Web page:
Consistency is key in baseball. There are certain players you feel comfortable penciling in numbers for before one regular-season game is even played. But every once in a while, we get the reminder that there are no guarantees in this sport.
Sometimes a reliever goes from automatic one year to unstable the next. Sometimes you get a surprise power outburst from a player who was considered “light-hitting” throughout their career. We can use our expertise to get things right most of the time, but as the saying goes, “Conventional wisdom is not always good wisdom.”
As we get down to the final two weeks of the regular season, here’s one thing we got wrong about each club in the American League West.
Angels: The bullpen will be a strength
The Angels have had issues with their starting rotation for years now, but this season the bullpen was supposed to help make up for their lack of starting-pitching depth. The Halos have been averse to allowing their starters face a lineup three times through the order, leading to heavy bullpen usage this season. Angels relievers have shouldered the load with the second-most innings in the Majors behind the Rays, but they've also combined to post a 4.72 ERA that ranks 21st in MLB and 11th in the AL through Tuesday. Combined with a starting staff that has posted the fourth-worst ERA in the Majors, it's led to another disappointing year for the Halos, who haven't reached the postseason since 2014.
Astros: The back end of the bullpen is fixed
Last summer, the Astros rebuilt their bullpen on the fly by trading for right-hander Ryan Pressly and closer Roberto Osuna. Everybody said Houston was in great shape at the back end of its 'pen, and things clicked for the most part in the first half. Pressly was untouchable early, but a right knee injury forced him into surgery that cost him more than a month. Osuna has also had a spotty second half and looks more vulnerable than he did prior to the All-Star break. Will Harris has been Houston’s best reliever, but closing out games is not such a sure thing.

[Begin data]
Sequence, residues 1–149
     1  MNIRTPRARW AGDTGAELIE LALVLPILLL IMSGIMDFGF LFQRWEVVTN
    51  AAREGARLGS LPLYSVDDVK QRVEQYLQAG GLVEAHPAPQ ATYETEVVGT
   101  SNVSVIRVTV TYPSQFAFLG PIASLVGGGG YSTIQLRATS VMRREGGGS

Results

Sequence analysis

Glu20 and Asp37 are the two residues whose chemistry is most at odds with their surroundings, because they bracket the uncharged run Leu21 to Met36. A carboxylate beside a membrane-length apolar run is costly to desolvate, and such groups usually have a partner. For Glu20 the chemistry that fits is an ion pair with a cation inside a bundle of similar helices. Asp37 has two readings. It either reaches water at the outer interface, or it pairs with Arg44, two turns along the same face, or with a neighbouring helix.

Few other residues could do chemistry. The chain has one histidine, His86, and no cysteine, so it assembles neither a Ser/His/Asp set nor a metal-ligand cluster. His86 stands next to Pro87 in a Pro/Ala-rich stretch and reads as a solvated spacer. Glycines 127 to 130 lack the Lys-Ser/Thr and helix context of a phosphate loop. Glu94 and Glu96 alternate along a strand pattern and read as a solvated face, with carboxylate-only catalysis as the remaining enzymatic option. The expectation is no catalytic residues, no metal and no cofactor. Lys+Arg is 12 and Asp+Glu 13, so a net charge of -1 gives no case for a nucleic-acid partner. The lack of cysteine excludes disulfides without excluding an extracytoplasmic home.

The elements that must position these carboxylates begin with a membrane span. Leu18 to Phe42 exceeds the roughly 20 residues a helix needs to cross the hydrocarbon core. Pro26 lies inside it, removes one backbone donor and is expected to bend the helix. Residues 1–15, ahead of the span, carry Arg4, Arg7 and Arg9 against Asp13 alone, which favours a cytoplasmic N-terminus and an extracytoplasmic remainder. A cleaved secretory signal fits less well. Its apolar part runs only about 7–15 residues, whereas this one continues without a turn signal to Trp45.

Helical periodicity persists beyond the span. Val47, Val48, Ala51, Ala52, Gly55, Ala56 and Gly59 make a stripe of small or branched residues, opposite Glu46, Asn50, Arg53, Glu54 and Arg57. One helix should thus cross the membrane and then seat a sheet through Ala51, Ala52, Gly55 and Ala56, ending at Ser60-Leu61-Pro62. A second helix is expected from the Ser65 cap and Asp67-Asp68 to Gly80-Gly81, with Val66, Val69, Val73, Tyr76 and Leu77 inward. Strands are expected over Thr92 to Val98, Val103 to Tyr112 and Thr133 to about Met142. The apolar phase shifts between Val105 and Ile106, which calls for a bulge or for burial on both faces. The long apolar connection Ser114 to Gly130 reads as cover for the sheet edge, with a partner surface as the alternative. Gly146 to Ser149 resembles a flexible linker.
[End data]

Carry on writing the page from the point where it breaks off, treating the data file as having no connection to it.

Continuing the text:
Athletics: Liam Hendriks will be used in low-leverage situations
Hendriks had a solid final month of the 2018 season, with his success as the A’s opener enough to position himself as their starter for the '18 AL Wild Card Game at Yankee Stadium. Surely the right-hander had elevated his status in the bullpen after getting designated for assignment earlier that year, but nobody expected him to overtake Blake Treinen as the closer. Treinen's struggles this year led to a demotion, one year after putting together a history-making '18 campaign, but even as he’s improved in recent weeks, Hendriks has made sure to keep a stronghold on the closer role by leading the Majors with 19 saves since taking over for Treinen on June 21.
Mariners: The backstop pop
After trading Mike Zunino to the Rays and acquiring Omar Narváez from the White Sox to fill the catching role, the belief was the Mariners were swapping Zunino’s considerable power -- but low batting average and on-base percentage -- for a guy whose offensive strengths were the complete opposite. But while Narvaez has indeed been one of Seattle's leading average and OBP hitters all year, he’s also hit 19 homers and needs just one more to join Zunino as the only Mariners catchers in club history with 20 in a season.
The Mariners went far beyond just that level, however, when they traded for backup Tom Murphy at the start of the regular season. Murphy has hit 17 homers while also batting in the .270 range this season. Through Wednesday, the combination of Narvaez and Murphy has helped the Mariners post the highest batting average in MLB for catchers this year at .287 and the second-highest OBP (.347) and slugging percentage (.524), while their 36 homers are tied for the fourth most in Major League history for a season from the backstop position.
Rangers: Recovering Tommy John pitchers will become useful starters again
Pitchers come back from Tommy John surgery all the time and are as strong as ever. Rangers pitcher Lance Lynn is exhibit A. But Texas was 0-for-3 this year with Shelby Miller, Drew Smyly and Edinson Volquez. They looked good throwing in the offseason, and were fine in Spring Training. But once the season started, all three struggled. Miller and Smyly were cut loose and Volquez missed almost the entire season with a sprained ligament in his right elbow and is now being used as a reliever in September before he plans to retire after the season.